I'm working on a new book covering Delphi's Object Pascal language from the ground up to the most advanced features.

Getting the Ebook

You can get a draft of the ebook (in PDF format) today as part of an Embarcadero promotion:  It is free if you buy Delphi XE7 in the next month (taking advantage of the "upgrade for all"  promo) , or if you are a registered user:

Promo: www.embarcadero.com/radoffer

Ebook: cc.embarcadero.com/item/30018

Book Information

Some information about the book (including the list of final chapters -- currently 70% is available) is in a specific page of my old web site:


For feedback and information I created two community pages:

Facebook: www.facebook.com/objectpascalhandbook

Google+: bit.ly/objectpascalgplus

And the code repository (still not complete) is at:


A Book on Object Pascal

Enough links. What's the scope and the goals of the book. Let me copy some of the introduction text over:

" Power and simplicity, expressiveness and readability, great for learning and for professional development alike, these are some of the traits of today's Object Pascal, a language with a long history, a lively present, and a brilliant future ahead.

Object Pascal is a multi-facet language. It combines the power of object-oriented programming,  advanced support for generic programming and dynamic constructs like attributes, but without removing support for more traditional style of procedural programming. A tool for all trades, with compilers and development tools embracing the mobile era. A language ready for the future, but with solid roots in the past.

What is the Object Pascal language for? From writing desktop apps to client-server applications, from massive web server modules to middleware, from office automation to apps for the latest phones and tablets, from industrial automated systems to Internet virtual phone networks... this is not what the language could be used for, but what it is currently used for today, in the real world.

The core of the Object Pascal language as we use today comes from its definition in 1995, a terrific year for programming languages, given that this was the year Java and JavaScript were also invented. While the root of the language dates back to its Pascal ancestor, its evolution didn't stop in 1995, with core enhancements continuing as of today, with the desktop and mobile compilers build by Embarcadero Technologies and found in Appmethod, Delphi, and RAD Studio."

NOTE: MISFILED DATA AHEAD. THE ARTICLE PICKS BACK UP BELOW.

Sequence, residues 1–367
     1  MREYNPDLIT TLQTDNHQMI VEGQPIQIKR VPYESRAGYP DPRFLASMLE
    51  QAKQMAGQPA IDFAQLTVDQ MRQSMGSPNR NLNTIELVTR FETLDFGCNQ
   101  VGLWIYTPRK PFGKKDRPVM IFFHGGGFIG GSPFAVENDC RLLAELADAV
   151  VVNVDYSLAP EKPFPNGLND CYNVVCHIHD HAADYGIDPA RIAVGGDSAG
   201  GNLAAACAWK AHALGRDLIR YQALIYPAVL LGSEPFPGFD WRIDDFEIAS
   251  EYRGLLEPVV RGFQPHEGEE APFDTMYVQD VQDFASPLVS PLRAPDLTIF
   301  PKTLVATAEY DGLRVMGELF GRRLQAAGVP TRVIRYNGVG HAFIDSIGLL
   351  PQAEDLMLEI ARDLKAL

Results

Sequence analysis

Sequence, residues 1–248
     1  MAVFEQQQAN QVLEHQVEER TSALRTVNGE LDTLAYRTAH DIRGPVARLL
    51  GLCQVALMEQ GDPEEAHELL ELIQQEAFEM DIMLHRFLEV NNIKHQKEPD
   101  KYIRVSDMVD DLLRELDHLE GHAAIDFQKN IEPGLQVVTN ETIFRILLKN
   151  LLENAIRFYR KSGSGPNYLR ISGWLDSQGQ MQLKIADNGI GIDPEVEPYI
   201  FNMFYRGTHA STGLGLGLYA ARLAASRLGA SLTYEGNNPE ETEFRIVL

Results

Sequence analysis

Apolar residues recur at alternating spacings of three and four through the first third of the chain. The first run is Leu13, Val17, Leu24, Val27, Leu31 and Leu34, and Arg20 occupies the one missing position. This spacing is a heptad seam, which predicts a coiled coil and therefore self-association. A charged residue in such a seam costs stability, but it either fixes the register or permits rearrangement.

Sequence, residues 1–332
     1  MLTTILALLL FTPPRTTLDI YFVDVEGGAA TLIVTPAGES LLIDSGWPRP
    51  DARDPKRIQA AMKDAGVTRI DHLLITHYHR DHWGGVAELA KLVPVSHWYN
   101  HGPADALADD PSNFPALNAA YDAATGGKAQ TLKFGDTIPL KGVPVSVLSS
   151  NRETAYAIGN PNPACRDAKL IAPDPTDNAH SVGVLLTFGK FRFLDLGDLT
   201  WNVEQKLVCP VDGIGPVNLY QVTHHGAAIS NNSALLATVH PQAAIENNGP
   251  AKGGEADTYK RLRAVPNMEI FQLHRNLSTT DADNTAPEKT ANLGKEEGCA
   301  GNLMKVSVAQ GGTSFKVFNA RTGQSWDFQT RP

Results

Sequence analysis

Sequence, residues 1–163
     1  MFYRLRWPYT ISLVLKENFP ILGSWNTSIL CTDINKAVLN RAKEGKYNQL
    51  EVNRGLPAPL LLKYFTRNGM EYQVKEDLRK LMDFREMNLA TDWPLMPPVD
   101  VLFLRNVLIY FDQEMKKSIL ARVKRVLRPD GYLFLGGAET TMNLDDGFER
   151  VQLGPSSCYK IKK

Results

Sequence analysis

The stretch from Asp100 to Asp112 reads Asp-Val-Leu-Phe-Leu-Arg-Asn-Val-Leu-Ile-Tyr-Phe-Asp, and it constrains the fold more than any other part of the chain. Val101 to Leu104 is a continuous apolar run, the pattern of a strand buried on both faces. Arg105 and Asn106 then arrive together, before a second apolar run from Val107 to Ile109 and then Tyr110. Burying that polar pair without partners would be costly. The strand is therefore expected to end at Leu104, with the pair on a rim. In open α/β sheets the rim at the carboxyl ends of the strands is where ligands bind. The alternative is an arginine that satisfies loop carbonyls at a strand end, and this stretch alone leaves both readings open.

The Book's Approach to the Language

"Given the changing role of the language, its extension over the years, and the fact it is now attracting new developers, I felt it important to write a book that offers complete coverage of the Object Pascal language as it is today . The goal is to offer a language manual for new developers, for developers coming from other similar languages, but also for old timers of different Pascal dialects that want to learn more about recent language changes. 

Newcomers certainly need some of the foundations, but given changes have been pervasive even old-timers will find something new in the initial chapters.

Beside a short Appendix covering the short history of the Object Pascal language, this book was written to cover the language as it is today. A large part of the core features of the language hasn't changed significantly since the early versions of the Delphi, the first implementation of modern Object Pascal in 1995.

As I'll hint throughout the book, the language has been far from stagnant during all of these years, it has been evolving at quite a fast pace. In other books I wrote in the past, I followed a more chronological approach, covering classic Pascal first, and following extensions more or less as they appeared over time. In this book, however, the idea is to use a more logical approach, progressing through the topics and covering how the language works today, and how to best use it, rather than how it evolved over time. As an example, native data types dating back to the original Pascal language have method-like capabilities (thanks to intrinsic type helpers) introduced recently. So in Chapter 2 I'll introduce how to use this feature, although it won't be until much later than you'll figure out how to make such custom type extensions.

In other words, this book covers the Object Pascal language how it is today, teaching it from the ground up, with only a very limited historical perspective. Even if you have used the language in the past, you might want to skim thought the entire text looking for newer features, and not focus only on the final chapters."

Going Forward

So what's next? I plan finishing the book before the end of the year, and Embarcadero will likely make updates available to active customers. After I get some feedback from readers, and finish cleaning up the text and the demos, I'll publish a printed version of the book. That's expected next year. Needless to say feedback is welcome, using one of the pages mentioned above or eve direct email.

Happy reading. That's my 16th Delphi-related book, hope it is useful as most of the previous ones.